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Is It Working

Superhuman: Revolution of the Species

Australian Network for Art & Technology (ANAT) and the Royal Melbourne Institute of Technology (RMIT)
RMIT Galleries, Melbourne, Australia
November 5 – December 5, 2009

Reviewed by Hannah Star Rogers
Science & Technology Studies
Cornell University
Ithaca, New York, USA.


“The Superhuman: Revolution of the Species” exhibit represented a number of important Australian artists working with science and technology. Nearly all the works credit scientists in their acknowledgements, and many works were the products of prolonged engagement by artists in scientific contexts. The exhibit treated a fraught theme: how we should think about technology in terms of the future of human beings and human bodies. The naturalization of this idea, even through the idea of revolution rather than evolution, still leaves considerable problems. In fact, however, most of the selected artists did not address this theme; instead the show was successful in displaying a variety of conceptions of how artists should engage with scientific materials. Works represented potential roles for artists ranging from playing with new technical possibilities to becoming knowledge producers.

Superhuman's installation and the curatorial decision to provide limited text and interpretative materials caused some confusion about which works were interactive. In less than ten minutes of observation, two different viewers stepped in front of Jill Scott's The Electric Retina (2008) and—experiencing the work in a manner I suspect Scott never thought of—looked at the projector light. While this may have accidentally resulted in some knowledge of the malfunction of the eye, what the oversized projector-eye had to offer was not interactive (and in another context would not have seemed to be). But mixed with interactive pieces and no text or technical cues to suggest how to distinguish the interactive works, the installation situation turned The Electric Retina into a puzzle rather than a point of reflection on function and malfunction of the body, particularly the eye.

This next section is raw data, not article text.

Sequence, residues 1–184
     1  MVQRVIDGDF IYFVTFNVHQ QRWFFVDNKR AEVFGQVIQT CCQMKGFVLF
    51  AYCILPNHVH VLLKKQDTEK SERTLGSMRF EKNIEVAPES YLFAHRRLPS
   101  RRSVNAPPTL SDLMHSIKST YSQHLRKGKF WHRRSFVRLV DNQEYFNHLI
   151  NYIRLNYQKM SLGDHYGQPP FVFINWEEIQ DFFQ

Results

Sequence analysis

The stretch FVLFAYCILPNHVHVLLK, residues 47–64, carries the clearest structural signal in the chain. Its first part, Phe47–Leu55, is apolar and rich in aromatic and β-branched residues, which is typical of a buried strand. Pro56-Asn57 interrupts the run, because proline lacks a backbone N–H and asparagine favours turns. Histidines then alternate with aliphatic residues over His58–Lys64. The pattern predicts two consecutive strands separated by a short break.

Jonathan Duckworth's Elements (2008) was shown only as video documentation depicting the use of his system in physical therapy: users play with color and form to improve coordination. The video concluded with a short celebratory media clip about the successes of the piece in therapy. This seems an increasingly common rhetorical strategy for some artists working in new media: news media coverage is sufficiently important to include in the exhibit so that the work is praised within its own presentation and simultaneously this points to impact outside the gallery.

Duckworth's pieces demonstrate a potential role for artists that differ markedly from Scott or Main's implicit suggestion that artists working with science and technology might help viewers explore and reflect on the role of science and technology in our society. Duckworth offers instead a model of the relationship between art and science in which artists work in the service of science to deliver more palatable devices and treatments to the public.

More critical, and with a welcome hook of humor, was Justine Cooper's Havidol (2007), a fictional drug campaign, displayed as ad campaign videos, posters, and a computer-based self-diagnosis tool, along with a logo hoodie and pillbox. This might best be thought of as an initial exploration to Cooper's much more interesting follow-up piece working with medical simulation technologies, Terminal (2008) and Living in Sim (2009). However, as one viewer remarked, this parody has already penetrated the commercial market, as similarly marked jars are available in novelty shops. This produced a lack of tension in the piece that softened the critique of pharmaceutical companies' social construction of disease and treatment.